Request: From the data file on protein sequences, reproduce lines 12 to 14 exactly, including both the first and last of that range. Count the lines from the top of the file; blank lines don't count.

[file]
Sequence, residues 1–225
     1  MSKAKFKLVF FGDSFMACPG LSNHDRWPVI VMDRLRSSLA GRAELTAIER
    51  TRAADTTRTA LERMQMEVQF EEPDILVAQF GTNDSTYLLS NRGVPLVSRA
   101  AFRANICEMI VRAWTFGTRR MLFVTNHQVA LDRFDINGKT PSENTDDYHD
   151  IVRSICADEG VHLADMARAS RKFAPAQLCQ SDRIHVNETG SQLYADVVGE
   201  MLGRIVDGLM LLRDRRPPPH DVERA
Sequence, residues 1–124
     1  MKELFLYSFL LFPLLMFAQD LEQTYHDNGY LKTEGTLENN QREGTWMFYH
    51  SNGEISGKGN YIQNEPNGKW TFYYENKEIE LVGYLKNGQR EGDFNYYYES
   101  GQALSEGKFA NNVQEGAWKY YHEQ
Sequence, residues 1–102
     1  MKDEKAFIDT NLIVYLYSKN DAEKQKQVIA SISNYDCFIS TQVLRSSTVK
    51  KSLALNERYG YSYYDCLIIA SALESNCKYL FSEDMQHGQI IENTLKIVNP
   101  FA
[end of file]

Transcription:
     1  MKDEKAFIDT NLIVYLYSKN DAEKQKQVIA SISNYDCFIS TQVLRSSTVK
    51  KSLALNERYG YSYYDCLIIA SALESNCKYL FSEDMQHGQI IENTLKIVNP
   101  FA